Literature and War Readalong Februay 28 2013: The Flowers of War – Jingling Shisan Chai by Geling Yan

The Flowers of War

It has been a while since I’ve last read a Chinese novel. Over the years it has become a literature I have learned to appreciate a lot and it was about time to return to it. Geling Yan is a well-known novelist in China. She has written short stories, scripts, essays and novels. Many of her books have been made into movies. The Flowers of War – Jingling Shisan Chai is no exception. The Flowers of War is based on one of the most horrible events which have taken place during war-time – the notorious Nanking/Nanjing Massacre in which Japanese troops slaughtered Chinese civilians. It has been estimated that 250.000 to 300.000 people have been killed. It is sometimes also called The Rape of Nanking. The story of this book is narrated from the point of view of Shujuan a 13 year-old schoolgirl. Together with a group of other girls she hides in the compound of an American church.

Here are the first sentences

Shujuan woke with a start. The next thing she knew, she was standing beside her bed. At first she thought it was the absence of gunfire that had woken her. The artillery that had been thundering for days had suddenly fallen silent.

For those who can’t get the book or do prefer to watch the movie, feel free to review the film starring Christian Bale.

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The discussion starts on Thursday, 28 February 2013.

Further information on the Literature and War Readalong 2013, including all the book blurbs, can be found here.

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38 thoughts on “Literature and War Readalong Februay 28 2013: The Flowers of War – Jingling Shisan Chai by Geling Yan

    • Yes, that happens. And the movie isn’t for you either?
      I’m quite interested to see how she treats this difficult topic. I’ve seen the one or the other movie. A very horrific event.

  1. This looks like quite an interesting book, Caroline. Will look forward to hearing your thoughts on it. It is really sad what happened in Nanjing. I have read about it in books on Chinese history and when I went to Nanjing I went to the museums too. It is really tragic. It is a sign of human resilience that inspite of this horror-filled event, the city has recovered back and is a thriving place of culture and business today.

    • It should be an interesting book, yes.
      A horrible event. I hadn’t heard of it before I watched a movie on it a few years ago.
      How interesting that you were there. I’ve only been in Hong Kong but would like to revisit China.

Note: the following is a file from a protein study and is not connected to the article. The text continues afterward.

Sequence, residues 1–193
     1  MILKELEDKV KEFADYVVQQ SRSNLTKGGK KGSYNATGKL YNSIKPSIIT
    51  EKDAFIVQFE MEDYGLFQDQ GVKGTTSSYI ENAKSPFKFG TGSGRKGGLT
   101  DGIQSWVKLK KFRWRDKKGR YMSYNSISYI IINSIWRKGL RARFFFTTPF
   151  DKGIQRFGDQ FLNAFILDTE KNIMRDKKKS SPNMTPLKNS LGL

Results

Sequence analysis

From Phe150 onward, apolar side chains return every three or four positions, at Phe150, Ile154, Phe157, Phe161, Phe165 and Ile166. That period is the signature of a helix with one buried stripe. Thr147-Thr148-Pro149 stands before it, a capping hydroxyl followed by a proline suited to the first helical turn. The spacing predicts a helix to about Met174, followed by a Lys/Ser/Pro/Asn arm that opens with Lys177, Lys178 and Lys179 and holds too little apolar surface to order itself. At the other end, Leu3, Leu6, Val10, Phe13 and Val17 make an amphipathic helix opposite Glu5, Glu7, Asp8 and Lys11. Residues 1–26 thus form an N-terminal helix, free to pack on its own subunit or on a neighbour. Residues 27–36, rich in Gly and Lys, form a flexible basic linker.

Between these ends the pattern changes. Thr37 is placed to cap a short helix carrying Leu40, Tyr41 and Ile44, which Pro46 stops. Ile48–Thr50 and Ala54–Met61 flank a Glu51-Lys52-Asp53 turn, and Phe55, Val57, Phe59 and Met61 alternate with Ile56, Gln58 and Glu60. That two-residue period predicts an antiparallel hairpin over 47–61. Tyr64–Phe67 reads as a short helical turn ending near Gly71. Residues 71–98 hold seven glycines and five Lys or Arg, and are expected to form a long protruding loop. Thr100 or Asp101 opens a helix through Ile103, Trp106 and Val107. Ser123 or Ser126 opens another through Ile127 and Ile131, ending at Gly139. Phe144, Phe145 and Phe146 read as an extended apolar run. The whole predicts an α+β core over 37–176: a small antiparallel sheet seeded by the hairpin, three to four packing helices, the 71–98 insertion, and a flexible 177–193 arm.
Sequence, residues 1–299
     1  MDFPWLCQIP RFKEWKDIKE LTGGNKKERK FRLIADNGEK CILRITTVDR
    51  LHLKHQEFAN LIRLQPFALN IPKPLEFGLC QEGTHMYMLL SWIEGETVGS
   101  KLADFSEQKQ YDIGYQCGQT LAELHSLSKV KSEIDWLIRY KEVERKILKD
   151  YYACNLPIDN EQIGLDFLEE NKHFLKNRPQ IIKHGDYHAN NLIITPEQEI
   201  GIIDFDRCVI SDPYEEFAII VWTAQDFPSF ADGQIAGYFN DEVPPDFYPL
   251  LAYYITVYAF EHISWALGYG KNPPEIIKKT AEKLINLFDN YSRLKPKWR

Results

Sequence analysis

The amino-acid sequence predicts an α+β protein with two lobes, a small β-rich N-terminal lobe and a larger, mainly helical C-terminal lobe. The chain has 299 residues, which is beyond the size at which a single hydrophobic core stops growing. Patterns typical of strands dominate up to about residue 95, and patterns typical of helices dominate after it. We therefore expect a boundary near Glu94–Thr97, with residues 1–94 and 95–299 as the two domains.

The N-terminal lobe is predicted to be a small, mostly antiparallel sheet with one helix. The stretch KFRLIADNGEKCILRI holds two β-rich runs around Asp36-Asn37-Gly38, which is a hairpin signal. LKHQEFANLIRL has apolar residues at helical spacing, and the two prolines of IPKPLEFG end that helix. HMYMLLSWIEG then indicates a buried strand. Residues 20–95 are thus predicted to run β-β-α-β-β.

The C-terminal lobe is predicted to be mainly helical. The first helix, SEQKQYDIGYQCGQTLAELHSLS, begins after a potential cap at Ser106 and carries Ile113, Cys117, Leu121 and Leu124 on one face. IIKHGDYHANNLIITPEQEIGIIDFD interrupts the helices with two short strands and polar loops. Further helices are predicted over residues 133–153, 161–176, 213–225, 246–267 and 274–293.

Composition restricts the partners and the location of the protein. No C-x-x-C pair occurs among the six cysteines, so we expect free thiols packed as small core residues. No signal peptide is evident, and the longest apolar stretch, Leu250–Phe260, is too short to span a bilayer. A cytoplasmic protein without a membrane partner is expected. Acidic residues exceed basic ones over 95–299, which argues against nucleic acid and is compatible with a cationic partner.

It’s true, humans are resilient. When you read how many were killed, it’s just so hard to believe.

  2. By coincidence, as I’ve just noted on my blog, I tried watching The Flowers of War the other day (Zhang Yimou is one of my favourite directors) but found it a bit dull; and was generally annoyed by the central American character. Nice use of colour though, as usual.

    • After watching the trailer I had a similar feeling. I wonder how the American charcater will play out in the book. I suppose that during that time an American/foreigner was the only person who could help.

  3. Yay, I have this book with me and will definitely read it. I heard they say the movie is horrifying…I’m wondering if I should watch it. But looking that it’s directed by Zhang Yimou, I think I will reserve it. Review coming on 3rd week of Feb!

    • I’m glad you will join us. It’s such a horrific event and still not all hat widely known.
      I’m very intersted to find out how she will treat such difficult material.

  4. I had not heard of this book but it sounds like an important book. A few yaers ago I read The Rape of Nanking by Iris Chang and it may have been one of the top three most disturbing books that I have ever read.

  5. I’ve been wanting to start this book but as it isn’t too terribly long I thought I had better wait until we get a little closer to when you’ll be posting. And I, too, have been in the mood to read something set in that part of the world. I’ve never read anything about the Rape of Nanking–am hoping it won’t be too devastating to read about, but the book sounds really good in any case.

    • I hope the same. It’s impossible to tell from what little is on the cover.
      It’s not that long and I am also still waiting before I will start. I think it will be a quick read.

  6. Pingback: The Flowers of War – 金陵十三钗 (Jīnlíng Shísān Chāi) | Polychrome Interest

  7. Pingback: The Flowers of War by Geling Yan | JoV's Book Pyramid

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